Regulation of MHC class II and its associated chaperone, CD74, has been reported during virus infection.30,31 To determine whether the expression of MHC class II and CD74 is influenced by EBV infection, expression of HLA-DRA and HLA-DRB was detected in primary B cells with or without EBV infection by RT-Q-PCR and western blotting. As shown in Figure 1B, we demonstrated that downregulation of MHC class II and CD74 was observed when infected B cells expressed LMP2A at day 3 postinfection. After that, LMP2A was constitutively expressed in infected cells and low-level expression of MHC class II and CD74 was detected at the same time (Figure 1B). In the EBV-infected primary B-cell system, we concluded that EBV may block viral antigen presentation by downregulation of MHC class II and CD74.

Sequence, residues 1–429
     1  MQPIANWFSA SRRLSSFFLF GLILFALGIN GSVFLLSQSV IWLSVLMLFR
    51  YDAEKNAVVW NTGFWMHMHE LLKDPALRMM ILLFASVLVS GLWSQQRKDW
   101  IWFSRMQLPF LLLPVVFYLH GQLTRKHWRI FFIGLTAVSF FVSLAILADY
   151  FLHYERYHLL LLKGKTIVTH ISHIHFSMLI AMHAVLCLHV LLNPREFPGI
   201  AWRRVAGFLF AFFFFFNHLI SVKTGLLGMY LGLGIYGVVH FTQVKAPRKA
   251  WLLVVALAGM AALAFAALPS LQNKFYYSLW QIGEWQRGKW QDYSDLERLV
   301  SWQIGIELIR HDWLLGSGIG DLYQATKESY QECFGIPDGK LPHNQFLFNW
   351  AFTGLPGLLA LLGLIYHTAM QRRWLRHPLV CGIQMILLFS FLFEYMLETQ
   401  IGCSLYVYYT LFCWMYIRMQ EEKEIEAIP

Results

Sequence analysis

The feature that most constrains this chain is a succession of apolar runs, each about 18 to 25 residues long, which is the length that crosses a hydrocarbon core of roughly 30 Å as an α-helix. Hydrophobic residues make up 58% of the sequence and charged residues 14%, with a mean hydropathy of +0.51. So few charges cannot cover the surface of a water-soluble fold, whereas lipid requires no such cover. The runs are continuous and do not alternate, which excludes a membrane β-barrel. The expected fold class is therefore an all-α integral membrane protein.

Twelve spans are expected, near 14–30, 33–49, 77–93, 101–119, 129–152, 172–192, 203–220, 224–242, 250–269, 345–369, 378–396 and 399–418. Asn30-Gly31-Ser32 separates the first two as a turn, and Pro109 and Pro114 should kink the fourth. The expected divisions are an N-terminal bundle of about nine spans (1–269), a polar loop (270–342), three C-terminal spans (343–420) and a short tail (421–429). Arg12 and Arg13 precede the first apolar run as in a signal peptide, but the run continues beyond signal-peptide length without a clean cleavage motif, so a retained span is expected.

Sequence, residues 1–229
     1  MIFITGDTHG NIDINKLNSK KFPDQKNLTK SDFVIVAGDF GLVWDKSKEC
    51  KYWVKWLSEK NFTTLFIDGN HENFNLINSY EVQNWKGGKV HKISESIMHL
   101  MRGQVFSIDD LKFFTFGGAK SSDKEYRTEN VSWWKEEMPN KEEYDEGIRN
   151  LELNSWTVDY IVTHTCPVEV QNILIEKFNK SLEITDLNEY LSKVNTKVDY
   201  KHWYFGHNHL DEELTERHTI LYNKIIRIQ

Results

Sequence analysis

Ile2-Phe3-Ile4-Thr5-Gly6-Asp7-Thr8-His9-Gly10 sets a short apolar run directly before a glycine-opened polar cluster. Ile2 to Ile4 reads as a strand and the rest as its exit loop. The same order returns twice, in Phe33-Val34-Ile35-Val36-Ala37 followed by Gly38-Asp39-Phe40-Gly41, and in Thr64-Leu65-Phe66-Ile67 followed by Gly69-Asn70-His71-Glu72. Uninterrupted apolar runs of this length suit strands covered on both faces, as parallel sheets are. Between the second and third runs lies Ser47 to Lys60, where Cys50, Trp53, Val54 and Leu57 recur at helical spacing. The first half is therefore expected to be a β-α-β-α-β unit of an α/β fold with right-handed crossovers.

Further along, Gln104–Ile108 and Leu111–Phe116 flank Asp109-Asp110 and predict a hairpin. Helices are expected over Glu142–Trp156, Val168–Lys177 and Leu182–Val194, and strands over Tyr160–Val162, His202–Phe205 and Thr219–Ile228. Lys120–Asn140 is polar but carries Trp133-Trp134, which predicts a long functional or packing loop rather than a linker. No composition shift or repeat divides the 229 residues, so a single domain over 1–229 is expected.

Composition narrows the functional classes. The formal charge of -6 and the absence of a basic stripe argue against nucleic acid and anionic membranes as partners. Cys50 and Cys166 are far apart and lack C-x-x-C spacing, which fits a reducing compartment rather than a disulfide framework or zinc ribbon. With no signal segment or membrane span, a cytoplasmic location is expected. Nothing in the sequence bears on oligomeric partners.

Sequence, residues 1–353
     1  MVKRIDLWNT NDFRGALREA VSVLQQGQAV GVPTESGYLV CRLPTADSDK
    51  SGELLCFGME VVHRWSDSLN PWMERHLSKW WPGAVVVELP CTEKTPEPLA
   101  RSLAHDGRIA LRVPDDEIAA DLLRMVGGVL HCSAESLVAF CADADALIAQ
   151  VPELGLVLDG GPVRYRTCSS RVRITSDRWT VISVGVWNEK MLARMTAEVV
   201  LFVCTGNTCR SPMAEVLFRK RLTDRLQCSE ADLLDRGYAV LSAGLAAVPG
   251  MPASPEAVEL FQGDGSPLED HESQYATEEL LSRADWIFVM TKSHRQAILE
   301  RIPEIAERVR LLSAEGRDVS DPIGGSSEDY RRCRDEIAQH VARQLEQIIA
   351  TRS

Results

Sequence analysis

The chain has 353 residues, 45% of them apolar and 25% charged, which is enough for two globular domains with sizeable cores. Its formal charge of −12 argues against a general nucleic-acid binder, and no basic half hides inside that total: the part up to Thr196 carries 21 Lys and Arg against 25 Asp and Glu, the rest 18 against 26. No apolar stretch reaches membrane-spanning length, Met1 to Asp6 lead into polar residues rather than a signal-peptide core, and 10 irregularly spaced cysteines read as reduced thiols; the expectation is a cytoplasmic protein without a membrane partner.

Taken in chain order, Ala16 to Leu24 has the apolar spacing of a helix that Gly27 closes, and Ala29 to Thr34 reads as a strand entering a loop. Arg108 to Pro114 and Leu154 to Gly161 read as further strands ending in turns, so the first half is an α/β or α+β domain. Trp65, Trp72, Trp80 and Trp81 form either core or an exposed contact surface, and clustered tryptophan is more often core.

EBV LMP2A is a critical factor in the downregulation of MHC class II and CD74
To identify which EBV gene product is responsible for the reduction of MHC class II and CD74 expression, individual EBV genes were ectopically expressed in EBV-negative BJAB cells. In Figure 1C, we observed that only LMP2A or Zta downregulates expression of MHCclass II and CD74 transcripts, but not the other viral gene products tested, including EBNA1, LMP1, EBER1, EBER2, or BARF0. The EBV lytic cycle transactivator Zta functions as a repressor of MHC class II and CD74 expression, which is consistent with a previous report.31 In particular, we were interested in LMP2A because it is expressed predominately during the viral latent stage. We found that the protein levels of MHC class II and CD74 were downregulated in Akata and BJAB cells expressing ectopic LMP2A (Figure 1D). As shown in Figure 1E, MHC class II and CD74 proteins decreased in a dose-dependent manner following transduction of the cells with LMP2A-expressing lentiviruses.
LMP2A triggers the downregulation of CIITA, E47, and PU.1